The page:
“THE TEXAS MEDICAL BOARD HAS ALREADY MADE THIS ABUNDANTLY CLEAR!” said Dr. Sherif Zaafran emphatically on Twitter.
“The TMB does not sanction or prevent physicians for the use of Hydroxychloroquine. Physicians can prescribe whatever they feel is appropriate. We’ve already released a press release stating this weeks ago!”
Zaafran was responding to a letter from Sen. Bob Hall (R-Edgewood), in which Hall decried the TMB for trying to intimidate doctors who use treatments like hydroxychloroquine to treat coronavirus patients.
“[W]hy is the Texas Medical Board (TMB) continuing to issue slightly veiled threats to Texas doctors that should they be so bold as to attempt to save a COVID-19 patient’s life or reduce their suffering that the TMB will descend upon them with the severest possible punishment?” Hall asked.
In his letter, Hall criticized the TMB for allegedly targeting doctors who seek to use off-label treatments to improve their patients’ conditions, attributing many coronavirus-related deaths to “bureaucratic roadblocks.”
Zaafran’s comments appear to refer to a press release issued by the TMB stating that physicians could face disciplinary action for falsely advertising a cure for COVID-19.
While the release does state that medical doctors and their patients “have a right to decide what treatments may be used for COVID-19,” the TMB goes on to say that they will “investigate complaints for false, misleading or deceptive advertising, which could include for assuring a permanent cure for an incurable disease.”
Zaafran has characterized the TMB as a “complaint driven agency.”
Dr. Richard Urso, a practicing ophthalmologist who graduated from the University of Texas Medical School at Houston in 1988, said during a recent forum with Hall that doctors are facing potential retribution for taking care of their patients.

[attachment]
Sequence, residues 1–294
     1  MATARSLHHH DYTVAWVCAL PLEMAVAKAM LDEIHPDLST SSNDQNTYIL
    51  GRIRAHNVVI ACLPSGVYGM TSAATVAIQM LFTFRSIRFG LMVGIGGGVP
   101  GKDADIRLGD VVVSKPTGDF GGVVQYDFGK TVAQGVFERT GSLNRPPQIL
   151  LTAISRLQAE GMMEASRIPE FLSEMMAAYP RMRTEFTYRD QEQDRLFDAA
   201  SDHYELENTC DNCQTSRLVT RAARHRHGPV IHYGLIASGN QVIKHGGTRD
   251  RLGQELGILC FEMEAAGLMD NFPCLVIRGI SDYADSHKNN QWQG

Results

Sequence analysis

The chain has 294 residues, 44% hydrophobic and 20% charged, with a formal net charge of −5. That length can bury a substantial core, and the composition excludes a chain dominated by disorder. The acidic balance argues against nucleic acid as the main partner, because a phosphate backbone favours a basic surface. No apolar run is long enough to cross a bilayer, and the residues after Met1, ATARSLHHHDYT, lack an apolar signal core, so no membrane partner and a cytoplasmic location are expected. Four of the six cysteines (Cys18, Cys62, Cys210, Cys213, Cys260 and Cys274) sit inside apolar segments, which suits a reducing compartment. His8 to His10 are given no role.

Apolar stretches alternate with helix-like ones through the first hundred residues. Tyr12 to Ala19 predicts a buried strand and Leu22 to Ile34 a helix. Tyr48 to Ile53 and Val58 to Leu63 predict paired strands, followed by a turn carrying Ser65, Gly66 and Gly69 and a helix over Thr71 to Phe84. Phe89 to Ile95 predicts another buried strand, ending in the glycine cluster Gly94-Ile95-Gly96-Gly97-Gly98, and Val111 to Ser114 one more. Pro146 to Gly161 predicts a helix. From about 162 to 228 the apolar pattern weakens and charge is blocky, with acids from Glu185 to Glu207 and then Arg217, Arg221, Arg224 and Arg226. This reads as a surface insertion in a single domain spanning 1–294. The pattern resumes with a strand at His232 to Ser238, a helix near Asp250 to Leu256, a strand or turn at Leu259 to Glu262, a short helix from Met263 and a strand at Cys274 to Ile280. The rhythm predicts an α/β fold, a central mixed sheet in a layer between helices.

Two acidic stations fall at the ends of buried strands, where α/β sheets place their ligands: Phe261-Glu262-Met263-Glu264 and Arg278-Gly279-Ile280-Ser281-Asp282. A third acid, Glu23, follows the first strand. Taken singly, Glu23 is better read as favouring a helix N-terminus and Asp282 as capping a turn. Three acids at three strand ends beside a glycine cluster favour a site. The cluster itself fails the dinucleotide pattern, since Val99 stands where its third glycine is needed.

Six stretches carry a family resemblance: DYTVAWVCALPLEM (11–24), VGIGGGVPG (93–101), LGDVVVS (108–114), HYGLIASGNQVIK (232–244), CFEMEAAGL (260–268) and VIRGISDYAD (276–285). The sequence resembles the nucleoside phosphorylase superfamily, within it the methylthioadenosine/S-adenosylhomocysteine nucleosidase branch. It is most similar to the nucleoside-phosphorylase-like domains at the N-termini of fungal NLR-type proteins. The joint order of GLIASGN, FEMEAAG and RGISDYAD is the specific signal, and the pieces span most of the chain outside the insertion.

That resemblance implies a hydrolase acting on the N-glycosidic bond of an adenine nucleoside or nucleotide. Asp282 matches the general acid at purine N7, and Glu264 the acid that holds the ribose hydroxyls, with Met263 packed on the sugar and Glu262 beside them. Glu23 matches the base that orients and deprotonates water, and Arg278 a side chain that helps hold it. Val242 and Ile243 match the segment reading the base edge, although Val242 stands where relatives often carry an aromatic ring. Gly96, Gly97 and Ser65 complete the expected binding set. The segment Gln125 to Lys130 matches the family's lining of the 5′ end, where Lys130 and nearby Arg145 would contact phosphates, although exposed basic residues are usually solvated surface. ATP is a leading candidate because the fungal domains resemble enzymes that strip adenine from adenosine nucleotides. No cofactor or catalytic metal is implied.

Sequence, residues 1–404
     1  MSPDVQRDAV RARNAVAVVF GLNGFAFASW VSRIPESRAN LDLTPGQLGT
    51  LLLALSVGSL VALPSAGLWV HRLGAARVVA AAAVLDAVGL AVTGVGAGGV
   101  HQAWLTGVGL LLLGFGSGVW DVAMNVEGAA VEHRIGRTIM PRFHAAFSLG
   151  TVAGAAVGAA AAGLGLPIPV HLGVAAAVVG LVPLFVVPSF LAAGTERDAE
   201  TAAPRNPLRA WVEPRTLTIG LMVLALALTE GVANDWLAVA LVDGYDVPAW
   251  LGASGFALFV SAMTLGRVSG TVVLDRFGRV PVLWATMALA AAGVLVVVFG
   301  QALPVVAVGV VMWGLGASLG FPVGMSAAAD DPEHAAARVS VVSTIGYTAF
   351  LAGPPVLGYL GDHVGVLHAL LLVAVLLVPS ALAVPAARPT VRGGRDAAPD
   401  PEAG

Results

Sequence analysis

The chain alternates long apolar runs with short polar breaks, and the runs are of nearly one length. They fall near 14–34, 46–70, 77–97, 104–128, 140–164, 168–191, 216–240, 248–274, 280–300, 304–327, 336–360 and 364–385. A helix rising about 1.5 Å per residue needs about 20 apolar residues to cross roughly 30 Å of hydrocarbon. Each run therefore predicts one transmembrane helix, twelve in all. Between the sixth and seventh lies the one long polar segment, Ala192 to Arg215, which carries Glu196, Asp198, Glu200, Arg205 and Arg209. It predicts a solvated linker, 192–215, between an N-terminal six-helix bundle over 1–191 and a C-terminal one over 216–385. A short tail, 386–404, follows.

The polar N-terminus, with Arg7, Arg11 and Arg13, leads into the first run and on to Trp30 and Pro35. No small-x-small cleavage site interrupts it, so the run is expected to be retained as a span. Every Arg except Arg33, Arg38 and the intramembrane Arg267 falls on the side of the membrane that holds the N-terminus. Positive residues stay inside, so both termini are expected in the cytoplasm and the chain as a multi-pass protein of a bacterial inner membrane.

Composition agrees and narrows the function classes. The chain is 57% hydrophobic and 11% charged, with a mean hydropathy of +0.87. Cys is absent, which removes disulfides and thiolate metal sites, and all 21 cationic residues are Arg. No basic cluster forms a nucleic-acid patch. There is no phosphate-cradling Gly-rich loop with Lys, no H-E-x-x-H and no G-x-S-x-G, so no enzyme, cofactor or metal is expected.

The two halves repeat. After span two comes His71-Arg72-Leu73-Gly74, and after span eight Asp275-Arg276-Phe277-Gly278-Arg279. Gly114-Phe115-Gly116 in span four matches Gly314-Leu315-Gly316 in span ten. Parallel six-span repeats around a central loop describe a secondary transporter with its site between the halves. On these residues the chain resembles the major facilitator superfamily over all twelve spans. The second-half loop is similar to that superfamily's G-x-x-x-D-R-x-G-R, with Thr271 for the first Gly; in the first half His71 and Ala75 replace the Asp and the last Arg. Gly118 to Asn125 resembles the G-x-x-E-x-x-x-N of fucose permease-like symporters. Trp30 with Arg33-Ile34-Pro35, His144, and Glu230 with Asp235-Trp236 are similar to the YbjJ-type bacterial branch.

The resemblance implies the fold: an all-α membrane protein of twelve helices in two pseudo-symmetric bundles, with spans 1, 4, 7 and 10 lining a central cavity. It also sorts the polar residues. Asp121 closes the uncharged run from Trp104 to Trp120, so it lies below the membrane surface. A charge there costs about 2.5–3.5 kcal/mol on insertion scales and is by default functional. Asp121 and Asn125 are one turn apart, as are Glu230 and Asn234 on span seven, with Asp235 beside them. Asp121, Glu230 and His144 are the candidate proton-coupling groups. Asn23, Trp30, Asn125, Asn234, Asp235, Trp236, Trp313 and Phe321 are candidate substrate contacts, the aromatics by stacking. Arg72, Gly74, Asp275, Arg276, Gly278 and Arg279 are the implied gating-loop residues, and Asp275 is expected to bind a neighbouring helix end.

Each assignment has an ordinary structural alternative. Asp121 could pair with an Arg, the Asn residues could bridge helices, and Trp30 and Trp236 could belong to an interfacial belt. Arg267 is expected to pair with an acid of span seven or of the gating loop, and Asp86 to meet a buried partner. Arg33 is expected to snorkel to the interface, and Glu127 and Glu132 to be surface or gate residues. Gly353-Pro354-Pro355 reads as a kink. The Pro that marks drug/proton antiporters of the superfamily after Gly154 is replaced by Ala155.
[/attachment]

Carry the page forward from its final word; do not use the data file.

“I’ve had this fear of reprisal because I’ve been reported to the [Texas Medical Board],” Urso said.
“I can’t worry about the bureaucrats because my patients are dying today. I don’t care if the board agrees or disagrees with me, and [I say that] as a practitioner seeing close to fifty patients a day and a lot of my patients with COVID who can’t get treated by other doctors are coming back to me to talk to me about it.”
Hydroxychloroquine has not been given governmental endorsement for treating COVID-19 but is sometimes used off-label by physicians, meaning they apply their professional judgment to use a drug for a certain illness even if it’s officially approved for a different purpose.
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Hayden Sparks is a reporter for The Texan. He has coached high school competitive speech and debate and has also been involved in community theater and politics. A native Texan, Hayden served as a delegate at the Republican Party of Texas Convention in 2016. He is on track to receive a bachelor’s degree in psychology from Liberty University. In his free time, Hayden is known to take walks around the neighborhood while listening to random music on Spotify.